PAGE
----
The basic premise of following a Mediterranean type diet seems to be upheld by dietary studies. But the “real age” concept (eg. eat 12 tablespoons of some ingredient 4 times per month will reduce your “real age” by say, 5 years) seems mainly an attention-getting device. Every recipe in the book is accompanied by a “real age” effect – eat this recipe 6 times per year and reduce your “real age” by, say, 2.7 years.

    The book would be more effective by slimming down by about two thirds, simply extolling the virtues of a Mediterranean diet, cutting out all the questionaires, kitchen and pantry sections, and simply focusing on the recipes.

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  3. 218 of 227 people found the following review helpful
    5.0 out of 5 stars
    Best healthy cookbook on the market!, November 21, 2003
    By A Customer
    I love this book! Leftover smoked salmon? Shiitake Mushroom and Asparagus Frittata with Smoked Salmon. Bottled red peppers? Roasted Red Pepper and Kalamata Olive Sicilian Salad. All that winter squash in the supermarket? Pistachio Pilaf with Butternut Squash and Gingered Cranberry Sauce.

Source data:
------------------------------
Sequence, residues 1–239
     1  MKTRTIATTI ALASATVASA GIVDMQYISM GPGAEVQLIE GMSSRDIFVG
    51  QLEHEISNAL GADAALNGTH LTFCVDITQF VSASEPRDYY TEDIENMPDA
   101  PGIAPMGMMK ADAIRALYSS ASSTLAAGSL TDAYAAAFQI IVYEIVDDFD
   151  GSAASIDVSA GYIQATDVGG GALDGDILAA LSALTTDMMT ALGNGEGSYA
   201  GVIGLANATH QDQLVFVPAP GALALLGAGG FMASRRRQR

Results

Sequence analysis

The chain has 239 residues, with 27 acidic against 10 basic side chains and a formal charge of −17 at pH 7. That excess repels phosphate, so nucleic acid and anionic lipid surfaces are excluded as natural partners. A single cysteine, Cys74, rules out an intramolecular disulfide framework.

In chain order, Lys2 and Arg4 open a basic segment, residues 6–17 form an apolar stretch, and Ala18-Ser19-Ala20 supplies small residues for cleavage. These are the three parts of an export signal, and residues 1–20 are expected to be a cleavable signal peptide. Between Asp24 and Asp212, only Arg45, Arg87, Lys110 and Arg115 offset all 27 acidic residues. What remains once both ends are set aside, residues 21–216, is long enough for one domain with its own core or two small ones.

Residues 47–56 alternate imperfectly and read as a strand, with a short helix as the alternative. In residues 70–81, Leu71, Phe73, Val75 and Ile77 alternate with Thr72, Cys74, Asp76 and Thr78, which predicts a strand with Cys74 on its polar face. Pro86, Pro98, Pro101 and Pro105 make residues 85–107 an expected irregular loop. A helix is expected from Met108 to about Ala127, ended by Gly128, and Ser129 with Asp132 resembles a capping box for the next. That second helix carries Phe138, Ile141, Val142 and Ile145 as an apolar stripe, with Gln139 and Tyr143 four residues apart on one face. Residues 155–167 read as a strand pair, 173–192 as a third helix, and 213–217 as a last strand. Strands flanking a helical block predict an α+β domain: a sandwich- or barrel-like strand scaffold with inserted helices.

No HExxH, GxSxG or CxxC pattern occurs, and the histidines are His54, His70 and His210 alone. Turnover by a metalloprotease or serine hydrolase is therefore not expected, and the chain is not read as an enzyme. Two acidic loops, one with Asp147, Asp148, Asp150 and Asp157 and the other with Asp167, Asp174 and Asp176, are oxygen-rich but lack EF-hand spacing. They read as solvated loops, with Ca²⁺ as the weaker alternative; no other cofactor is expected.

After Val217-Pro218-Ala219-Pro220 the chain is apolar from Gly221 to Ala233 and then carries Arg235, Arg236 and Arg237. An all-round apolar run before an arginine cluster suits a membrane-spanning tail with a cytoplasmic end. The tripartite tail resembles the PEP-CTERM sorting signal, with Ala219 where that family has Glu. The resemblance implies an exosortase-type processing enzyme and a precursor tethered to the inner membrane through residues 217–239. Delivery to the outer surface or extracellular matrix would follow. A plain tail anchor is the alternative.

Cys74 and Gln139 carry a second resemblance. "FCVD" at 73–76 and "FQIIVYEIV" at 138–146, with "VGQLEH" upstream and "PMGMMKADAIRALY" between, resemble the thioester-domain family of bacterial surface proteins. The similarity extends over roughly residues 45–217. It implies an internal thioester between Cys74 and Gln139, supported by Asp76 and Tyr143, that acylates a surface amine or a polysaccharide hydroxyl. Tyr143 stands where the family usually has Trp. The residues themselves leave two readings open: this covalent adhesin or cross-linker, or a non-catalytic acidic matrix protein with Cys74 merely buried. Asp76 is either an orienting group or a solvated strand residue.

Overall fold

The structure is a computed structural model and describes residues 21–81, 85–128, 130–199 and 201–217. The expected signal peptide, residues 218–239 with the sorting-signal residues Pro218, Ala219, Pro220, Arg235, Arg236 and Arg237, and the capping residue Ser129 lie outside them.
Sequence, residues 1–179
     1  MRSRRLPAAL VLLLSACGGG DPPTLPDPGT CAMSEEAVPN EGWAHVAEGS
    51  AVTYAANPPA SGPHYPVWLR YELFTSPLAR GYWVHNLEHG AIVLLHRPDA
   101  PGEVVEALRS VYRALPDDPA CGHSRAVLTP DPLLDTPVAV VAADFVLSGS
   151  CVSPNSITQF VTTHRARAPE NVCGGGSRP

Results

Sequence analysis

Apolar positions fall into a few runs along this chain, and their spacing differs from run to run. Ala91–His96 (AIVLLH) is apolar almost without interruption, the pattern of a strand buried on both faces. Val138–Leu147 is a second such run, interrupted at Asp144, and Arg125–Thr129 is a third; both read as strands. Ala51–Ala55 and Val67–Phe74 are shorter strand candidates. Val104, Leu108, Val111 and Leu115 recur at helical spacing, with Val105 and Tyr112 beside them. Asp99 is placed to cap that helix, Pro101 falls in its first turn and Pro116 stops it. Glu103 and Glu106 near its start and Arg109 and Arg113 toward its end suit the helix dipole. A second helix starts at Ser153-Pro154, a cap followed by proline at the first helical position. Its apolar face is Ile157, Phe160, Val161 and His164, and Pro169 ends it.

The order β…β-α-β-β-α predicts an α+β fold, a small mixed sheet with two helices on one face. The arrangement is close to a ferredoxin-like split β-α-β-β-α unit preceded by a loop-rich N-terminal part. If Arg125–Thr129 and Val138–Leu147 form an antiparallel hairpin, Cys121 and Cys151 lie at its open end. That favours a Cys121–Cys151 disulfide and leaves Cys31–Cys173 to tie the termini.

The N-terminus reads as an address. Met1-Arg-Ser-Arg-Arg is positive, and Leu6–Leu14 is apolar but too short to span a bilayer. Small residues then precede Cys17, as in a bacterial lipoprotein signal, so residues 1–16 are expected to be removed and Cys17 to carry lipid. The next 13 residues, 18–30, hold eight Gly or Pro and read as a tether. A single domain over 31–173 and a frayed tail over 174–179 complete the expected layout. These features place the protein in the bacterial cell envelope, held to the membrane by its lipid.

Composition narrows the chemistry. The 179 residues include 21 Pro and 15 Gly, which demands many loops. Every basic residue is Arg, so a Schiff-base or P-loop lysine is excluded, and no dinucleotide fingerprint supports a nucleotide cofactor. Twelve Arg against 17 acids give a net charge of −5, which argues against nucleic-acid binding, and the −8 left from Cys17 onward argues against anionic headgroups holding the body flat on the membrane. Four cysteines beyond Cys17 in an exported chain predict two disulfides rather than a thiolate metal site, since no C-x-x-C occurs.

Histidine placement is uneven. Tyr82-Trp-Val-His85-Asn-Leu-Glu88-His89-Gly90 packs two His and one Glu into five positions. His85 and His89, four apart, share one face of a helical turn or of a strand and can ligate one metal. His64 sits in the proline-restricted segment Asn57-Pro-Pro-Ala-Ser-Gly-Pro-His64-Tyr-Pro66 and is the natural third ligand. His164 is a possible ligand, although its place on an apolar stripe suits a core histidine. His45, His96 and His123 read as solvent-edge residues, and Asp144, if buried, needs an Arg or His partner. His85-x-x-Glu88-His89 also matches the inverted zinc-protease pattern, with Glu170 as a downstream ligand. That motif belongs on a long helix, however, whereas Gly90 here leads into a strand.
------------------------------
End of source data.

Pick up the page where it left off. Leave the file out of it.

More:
It’s amazing to find a cookbook where flavor is treated as important as health. There are no trans fats. There is little saturated fat. And there is little sugar, and lots of Omega-3 oils, flavonoids, and antioxidants, and creative ways to use fruits and vegetables and fish and soy and nuts. Even chocolate desserts!
    I have tons of cookbooks–Ornish, South Beach, Atkins, Weil on the diet side, and Trotter, Keller, Boulud, Julia, Joy of on the cooking side. And this one combines the best of healthiness with great flavor. Plus the lists of what is in season when—makes it easy to choose.
    Each recipe also gives what is in each recipe that is good for you—I never knew that lycopene was beneath the skin of the tomato! Golden Banana Pancakes with Fresh Raspberries are awesome for breakfast; my kids love Chocolate Strawberry Sundaes.
    La Puma is a practicing physician and a professionally trained chef—he worked at Topolobampo in Chicago with Rick Bayless for 4 years while practicing as a doctor! The meals he created will change how you think about the flavor of food that’s good for you. He and Dr. Roizen examine the food-related factors that can cause us to age faster than we should, and demonstrate how even small changes in food choices can slow aging. La Puma’s web page has some of these recipes for free. Plus, he’s cute!